Posts Tagged ‘Social Security’

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Sure, Swiss voters rejected a proposal to guarantee an income to all residents, whether or not they are employed.

But 23 percent did vote in favor of the idea, which itself is a victory given the full-scale campaign against the proposal—by mainstream economists and many others.

Critics have called the initiative “a Marxist dream”, warning of sky-high costs and people quitting their jobs in droves, to the detriment of the economy. “If you pay people to do nothing, they will do nothing,” said Charles Wyplosz, economics professor at the Geneva Graduate Institute.

And then there was the anti-immigrant argument by the right-wing Swiss People’s Party (SVP):

SVP spokeswoman Luis Stamm told the BBC: “Theoretically, if Switzerland were an island [basic income] would be possible.

“You could cut down on existing social payments and instead pay a certain amount of money to every individual.

“But with open borders it’s a total impossibility. If you would offer every individual a Swiss amount of money you would have billions of people who would try to move into Switzerland.”

Still, the idea of a guaranteed basic income continues to grow, with trials planned for the Canadian province of Ontario, Finland, and the Dutch city of Utrecht.

Interest in the United States is also increasing, although a proposal by the likes of Charles Murray is going to undermine what support the idea currently has among people who actually work for a living. That’s because Murray wants to use a guaranteed income not only to replace existing anti-poverty and corporate-welfare programs, but also to eliminate Social Security and Medicare.

The whole idea behind a guaranteed income is to decommodify areas of economic and social life, building on Social Security and Medicare, which are based on the idea that the larger community uses a portion of the surplus to take care of some of its members, outside commodity exchange. Murray (along with other conservatives who support a basic income) wants to do exactly the opposite: force people to use their basic income to purchase additional commodities, even after retirement.

That’s not a guaranteed basic income. That’s just more freedom to choose private commodities.

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President Obama has finally come out in favor of expanding Social Security benefits:

It’s time we finally made Social Security more generous and increased its benefits so today’s retirees and future generations get the dignified retirement that they have earned.

Clearly, the ground has shifted—within the Democratic Party and, in particular, with Obama, who as late as 2012 was willing to cut Social Security (as part of an ill-fated attempt at “entitlement reform”).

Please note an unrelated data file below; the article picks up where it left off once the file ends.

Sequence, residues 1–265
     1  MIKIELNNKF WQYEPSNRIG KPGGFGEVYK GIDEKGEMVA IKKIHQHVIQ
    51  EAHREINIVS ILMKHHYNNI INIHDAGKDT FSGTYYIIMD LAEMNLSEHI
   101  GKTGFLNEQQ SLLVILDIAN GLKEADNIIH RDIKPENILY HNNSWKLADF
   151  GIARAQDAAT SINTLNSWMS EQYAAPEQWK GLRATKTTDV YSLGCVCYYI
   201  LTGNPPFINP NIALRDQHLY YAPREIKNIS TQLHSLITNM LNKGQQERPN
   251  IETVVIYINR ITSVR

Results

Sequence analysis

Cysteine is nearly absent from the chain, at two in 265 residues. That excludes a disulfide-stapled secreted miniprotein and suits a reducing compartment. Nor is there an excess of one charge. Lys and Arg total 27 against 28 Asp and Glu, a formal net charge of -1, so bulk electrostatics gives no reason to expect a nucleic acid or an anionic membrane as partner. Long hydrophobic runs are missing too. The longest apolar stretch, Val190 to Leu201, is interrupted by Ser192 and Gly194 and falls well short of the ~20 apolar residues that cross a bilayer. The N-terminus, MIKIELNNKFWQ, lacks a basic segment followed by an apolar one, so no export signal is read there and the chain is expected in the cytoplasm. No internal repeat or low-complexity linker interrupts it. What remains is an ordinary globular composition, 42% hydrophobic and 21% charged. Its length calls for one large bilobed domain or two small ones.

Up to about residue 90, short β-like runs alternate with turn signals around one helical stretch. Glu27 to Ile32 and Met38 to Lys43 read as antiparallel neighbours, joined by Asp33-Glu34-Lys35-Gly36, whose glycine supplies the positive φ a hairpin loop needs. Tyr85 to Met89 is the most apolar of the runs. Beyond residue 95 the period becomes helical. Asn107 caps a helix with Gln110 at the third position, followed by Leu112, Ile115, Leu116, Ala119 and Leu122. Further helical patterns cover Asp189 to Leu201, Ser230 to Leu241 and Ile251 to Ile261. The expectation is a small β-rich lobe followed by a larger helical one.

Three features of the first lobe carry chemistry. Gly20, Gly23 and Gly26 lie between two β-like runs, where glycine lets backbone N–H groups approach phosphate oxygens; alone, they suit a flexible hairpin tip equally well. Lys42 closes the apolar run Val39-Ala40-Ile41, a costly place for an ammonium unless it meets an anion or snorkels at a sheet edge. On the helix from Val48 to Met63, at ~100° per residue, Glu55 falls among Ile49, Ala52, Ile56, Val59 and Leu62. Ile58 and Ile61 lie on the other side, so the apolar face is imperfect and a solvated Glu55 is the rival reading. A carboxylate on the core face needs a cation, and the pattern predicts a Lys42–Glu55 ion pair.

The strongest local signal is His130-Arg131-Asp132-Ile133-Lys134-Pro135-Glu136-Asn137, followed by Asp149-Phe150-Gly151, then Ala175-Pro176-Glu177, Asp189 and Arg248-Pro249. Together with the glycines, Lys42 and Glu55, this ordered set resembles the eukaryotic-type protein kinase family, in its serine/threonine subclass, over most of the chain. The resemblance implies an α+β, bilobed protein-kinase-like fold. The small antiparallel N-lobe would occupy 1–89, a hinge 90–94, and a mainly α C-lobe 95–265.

As Daniel Marans, Arthur Delaney, and Ryan Grim explain, there were many progressive groups involved in fighting against attacks on Social Security—in the midst of Bowles-Simpson austerity fever and the progress made by Third Way advocates inside the Democratic Party—which then turned to expanding Social Security benefits.

Elizabeth Warren played an important role in shifting the discourse on Social Security.

So has the success of Bernie Sanders’s campaign for president.

Although the discourse on Social Security had been moving left for some time, it is impossible to ignore the role that the current presidential election cycle likely played in Obama’s timing.

The presidential race has been characterized by waves of economic populism in both major parties. Even presumptive Republican nominee Donald Trump claims he will not cut Social Security benefits.

On the Democratic side, Sanders has made his career-long devotion to Social Security a centerpiece of his campaign. The Vermont progressive touts legislationhe first introduced in March 2015 to enact an across-the-board expansion of benefits.

Hillary Clinton expressed support for targeted increases in Social Security benefits rather than across-the-board expansion. Sanders and progressive groups demanded she clarify that this included ruling out benefit cuts of any kind, since some bipartisan reform plans — including that of the Bowles-Simpson commission — couple major benefit cuts with modest increases for poor and vulnerable groups. . .

“Bernie has marshaled millions of people against cuts and for expansion and showed the power of those people in the Democratic Party,” said Neil Sroka, communications director of Democracy for America, another key progressive group in the Social Security fight.

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At least on this issue, in the face of pressure from Warren and in response to the Sanders campaign, Obama and the rest of the Democratic Party have finally caught up with the overwhelming majority (85 percent) of Americans who (according to a recent Associated Press-NORC Center for Public Affairs Research poll [pdf]) believe protecting the future of Social Security is extremely or very important for the next administration.